Dawid Rubinowicz was a twelve year-old Jewish boy from Krajno, Poland. He began keeping a diary only a few months after the German invasion of Poland, which started World War II in Europe. Dawid’s diary demonstrates that people tried to continue to live their normal lives, even as they were radically impacted by the war and the German occupation.
Dawid’s father was a dairy farmer and, as such, was very sensitive to the impact of the weather on the family’s fortunes. He undoubtedly passed this understanding on to his son. It is not surprising to read Dawid commenting on the weather as an important topic in his diary. What is surprising is that he wrote about it intermixed with his reporting about another event, the German invasion of the Soviet Union that had just begun a few days earlier. Clearly, these two topics seem unrelated. In fact, the latter was so important that it would eventually mark the turning point in the war. In comparison, a weather report seems trivial. Nevertheless, on July 29th Dawid wrote, “Today you don’t seem to hear the shots anymore, only thundering from time to time. There’s a cloud coming up from the north that may produce rain. Human beings are thirsting for it and so are all living plants. The cloud came and the longed-for rain. It rained for over an hour, a bit too little for the parched earth.”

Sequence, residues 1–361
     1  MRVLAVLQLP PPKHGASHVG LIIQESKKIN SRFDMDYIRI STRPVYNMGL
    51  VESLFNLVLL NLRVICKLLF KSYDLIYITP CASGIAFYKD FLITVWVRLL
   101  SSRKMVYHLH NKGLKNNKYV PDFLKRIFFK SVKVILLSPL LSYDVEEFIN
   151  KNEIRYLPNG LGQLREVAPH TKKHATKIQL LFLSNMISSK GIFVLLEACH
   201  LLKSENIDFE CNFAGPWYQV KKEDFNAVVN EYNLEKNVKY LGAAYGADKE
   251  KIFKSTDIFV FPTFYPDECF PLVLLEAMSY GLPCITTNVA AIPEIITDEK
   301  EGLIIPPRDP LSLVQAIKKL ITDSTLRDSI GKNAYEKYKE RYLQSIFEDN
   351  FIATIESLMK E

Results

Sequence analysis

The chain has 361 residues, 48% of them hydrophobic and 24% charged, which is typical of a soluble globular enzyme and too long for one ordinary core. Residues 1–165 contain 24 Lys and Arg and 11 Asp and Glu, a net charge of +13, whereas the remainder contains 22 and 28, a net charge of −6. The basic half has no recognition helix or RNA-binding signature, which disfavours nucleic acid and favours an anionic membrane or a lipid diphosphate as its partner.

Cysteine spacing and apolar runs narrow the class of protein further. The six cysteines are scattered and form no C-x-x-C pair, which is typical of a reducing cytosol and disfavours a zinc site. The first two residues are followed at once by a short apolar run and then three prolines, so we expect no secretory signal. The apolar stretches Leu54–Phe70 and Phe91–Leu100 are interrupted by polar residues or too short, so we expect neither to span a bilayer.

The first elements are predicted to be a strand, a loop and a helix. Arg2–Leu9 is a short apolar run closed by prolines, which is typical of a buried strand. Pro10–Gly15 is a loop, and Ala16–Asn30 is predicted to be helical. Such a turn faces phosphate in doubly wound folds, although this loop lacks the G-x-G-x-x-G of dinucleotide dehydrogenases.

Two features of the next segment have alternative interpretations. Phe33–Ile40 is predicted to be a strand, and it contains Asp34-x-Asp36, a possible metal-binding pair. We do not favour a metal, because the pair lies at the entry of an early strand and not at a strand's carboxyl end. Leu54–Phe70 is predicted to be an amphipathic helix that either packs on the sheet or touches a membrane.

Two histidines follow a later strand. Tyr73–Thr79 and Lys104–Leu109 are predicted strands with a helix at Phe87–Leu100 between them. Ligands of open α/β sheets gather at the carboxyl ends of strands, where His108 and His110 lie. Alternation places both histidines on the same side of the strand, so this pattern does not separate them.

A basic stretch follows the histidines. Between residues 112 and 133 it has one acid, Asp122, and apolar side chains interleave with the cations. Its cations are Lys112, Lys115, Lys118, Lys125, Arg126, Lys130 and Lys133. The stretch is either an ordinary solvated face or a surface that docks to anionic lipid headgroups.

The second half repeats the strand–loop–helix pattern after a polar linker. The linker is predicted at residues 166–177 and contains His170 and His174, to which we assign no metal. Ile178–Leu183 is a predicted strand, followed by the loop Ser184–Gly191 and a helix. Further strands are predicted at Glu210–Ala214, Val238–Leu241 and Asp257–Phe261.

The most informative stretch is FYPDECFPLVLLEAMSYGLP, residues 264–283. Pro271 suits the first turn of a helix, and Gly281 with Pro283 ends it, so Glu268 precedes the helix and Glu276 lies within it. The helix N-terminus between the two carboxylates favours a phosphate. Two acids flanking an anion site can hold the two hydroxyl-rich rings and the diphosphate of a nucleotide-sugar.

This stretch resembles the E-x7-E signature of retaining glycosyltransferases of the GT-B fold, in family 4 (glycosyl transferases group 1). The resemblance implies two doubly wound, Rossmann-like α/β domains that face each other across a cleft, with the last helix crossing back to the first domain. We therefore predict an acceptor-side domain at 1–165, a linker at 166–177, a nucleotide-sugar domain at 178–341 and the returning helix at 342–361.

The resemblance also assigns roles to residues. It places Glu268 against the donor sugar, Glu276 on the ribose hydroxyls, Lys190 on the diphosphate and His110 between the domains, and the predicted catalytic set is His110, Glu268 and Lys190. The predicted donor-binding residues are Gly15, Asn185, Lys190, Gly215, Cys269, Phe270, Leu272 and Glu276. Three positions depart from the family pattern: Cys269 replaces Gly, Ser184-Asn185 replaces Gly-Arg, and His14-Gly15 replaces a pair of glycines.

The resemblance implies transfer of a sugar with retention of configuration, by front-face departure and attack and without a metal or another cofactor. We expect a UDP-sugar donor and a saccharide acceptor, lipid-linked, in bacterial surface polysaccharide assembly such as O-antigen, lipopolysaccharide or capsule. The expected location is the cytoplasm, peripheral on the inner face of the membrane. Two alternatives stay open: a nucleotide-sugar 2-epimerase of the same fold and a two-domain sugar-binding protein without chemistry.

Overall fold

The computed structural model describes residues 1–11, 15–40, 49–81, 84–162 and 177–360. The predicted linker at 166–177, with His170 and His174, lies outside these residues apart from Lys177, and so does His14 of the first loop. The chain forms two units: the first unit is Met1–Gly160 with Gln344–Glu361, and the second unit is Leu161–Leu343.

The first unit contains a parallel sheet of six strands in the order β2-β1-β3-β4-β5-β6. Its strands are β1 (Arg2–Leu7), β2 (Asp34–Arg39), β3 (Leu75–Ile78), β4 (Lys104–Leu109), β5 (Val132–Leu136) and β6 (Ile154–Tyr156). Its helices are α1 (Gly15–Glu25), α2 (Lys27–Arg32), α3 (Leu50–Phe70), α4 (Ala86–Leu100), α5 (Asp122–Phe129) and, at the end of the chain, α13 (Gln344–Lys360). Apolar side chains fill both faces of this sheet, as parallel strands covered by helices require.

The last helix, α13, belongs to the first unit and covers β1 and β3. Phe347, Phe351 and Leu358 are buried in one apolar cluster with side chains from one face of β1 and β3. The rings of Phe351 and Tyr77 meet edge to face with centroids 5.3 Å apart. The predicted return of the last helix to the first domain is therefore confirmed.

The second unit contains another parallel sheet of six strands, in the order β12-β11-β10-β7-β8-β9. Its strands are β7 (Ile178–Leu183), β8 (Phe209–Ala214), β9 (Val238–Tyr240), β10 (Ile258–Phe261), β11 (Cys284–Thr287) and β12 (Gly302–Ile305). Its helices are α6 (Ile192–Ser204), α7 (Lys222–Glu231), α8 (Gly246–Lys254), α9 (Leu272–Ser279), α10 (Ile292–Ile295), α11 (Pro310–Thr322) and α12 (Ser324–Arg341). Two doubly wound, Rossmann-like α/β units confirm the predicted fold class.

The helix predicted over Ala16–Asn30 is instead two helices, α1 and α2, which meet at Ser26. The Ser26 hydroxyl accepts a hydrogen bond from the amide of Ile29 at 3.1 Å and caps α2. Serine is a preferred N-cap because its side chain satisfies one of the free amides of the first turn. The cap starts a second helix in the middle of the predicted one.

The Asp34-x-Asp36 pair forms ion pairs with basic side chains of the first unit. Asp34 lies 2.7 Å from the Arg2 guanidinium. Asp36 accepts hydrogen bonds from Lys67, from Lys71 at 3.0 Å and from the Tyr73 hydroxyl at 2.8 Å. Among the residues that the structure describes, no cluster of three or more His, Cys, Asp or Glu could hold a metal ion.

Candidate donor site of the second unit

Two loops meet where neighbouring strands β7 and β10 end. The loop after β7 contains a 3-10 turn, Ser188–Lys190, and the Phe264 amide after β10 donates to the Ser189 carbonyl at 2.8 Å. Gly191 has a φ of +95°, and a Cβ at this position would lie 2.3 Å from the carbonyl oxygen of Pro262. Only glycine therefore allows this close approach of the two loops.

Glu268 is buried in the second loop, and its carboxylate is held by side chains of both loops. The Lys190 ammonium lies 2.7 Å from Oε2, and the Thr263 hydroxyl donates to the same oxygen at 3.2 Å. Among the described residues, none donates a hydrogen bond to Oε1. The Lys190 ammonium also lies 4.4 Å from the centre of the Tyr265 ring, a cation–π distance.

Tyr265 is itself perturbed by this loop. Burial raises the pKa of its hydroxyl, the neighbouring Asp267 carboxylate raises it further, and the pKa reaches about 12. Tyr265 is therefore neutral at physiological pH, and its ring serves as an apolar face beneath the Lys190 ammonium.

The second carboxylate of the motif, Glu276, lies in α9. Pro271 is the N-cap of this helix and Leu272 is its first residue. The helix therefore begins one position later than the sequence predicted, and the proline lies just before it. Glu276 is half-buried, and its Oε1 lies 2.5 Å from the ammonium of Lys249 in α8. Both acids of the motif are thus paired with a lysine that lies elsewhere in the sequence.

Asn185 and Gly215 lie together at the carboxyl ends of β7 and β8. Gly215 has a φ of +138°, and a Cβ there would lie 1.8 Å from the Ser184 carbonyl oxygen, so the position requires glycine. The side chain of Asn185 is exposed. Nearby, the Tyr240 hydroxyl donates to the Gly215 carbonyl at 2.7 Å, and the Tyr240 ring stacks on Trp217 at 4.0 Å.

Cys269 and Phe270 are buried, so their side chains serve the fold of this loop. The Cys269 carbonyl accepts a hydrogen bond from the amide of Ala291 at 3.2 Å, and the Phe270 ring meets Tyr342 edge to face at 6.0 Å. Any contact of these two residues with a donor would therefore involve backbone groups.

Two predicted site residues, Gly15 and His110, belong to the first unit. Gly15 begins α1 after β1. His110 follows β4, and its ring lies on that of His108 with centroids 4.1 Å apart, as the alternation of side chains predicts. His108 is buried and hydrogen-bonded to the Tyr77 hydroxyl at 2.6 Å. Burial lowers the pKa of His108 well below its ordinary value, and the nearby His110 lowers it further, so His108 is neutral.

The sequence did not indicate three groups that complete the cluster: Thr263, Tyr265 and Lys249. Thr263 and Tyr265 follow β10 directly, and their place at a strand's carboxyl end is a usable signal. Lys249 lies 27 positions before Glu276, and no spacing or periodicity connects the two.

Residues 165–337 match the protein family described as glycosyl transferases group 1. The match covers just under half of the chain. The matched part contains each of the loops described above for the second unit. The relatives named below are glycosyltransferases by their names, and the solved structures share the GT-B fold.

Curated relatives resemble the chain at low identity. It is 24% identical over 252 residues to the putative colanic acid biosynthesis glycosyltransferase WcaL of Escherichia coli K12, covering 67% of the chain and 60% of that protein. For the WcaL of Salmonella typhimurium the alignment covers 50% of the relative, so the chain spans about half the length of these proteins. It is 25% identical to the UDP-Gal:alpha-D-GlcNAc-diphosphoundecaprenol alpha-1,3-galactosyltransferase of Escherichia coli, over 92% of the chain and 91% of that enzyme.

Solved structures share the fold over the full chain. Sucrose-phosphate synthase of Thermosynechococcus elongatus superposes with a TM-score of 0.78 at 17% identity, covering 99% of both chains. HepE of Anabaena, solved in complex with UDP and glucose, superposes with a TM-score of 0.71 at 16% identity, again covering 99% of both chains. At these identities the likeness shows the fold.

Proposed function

What should a modern reader make of such an odd juxtaposition of topics as Dawid has given us in this entry? Perhaps it reveals that the mundane concerns of life did not disappear just because life-changing events were happening in the political world. On the other hand, he may have linked in his mind two events that would have an impact on his life over which he had no control. Or perhaps, he wrote of a longing for rain that was fulfilled because there were so many other desires, such as for peace and safety, that were far out of reach.
You may read excerpts from Dawid’s diary in by Alexandra Zapruder.
Read another diarist’s account of the German occupation of Poland here.
April 1, 2016
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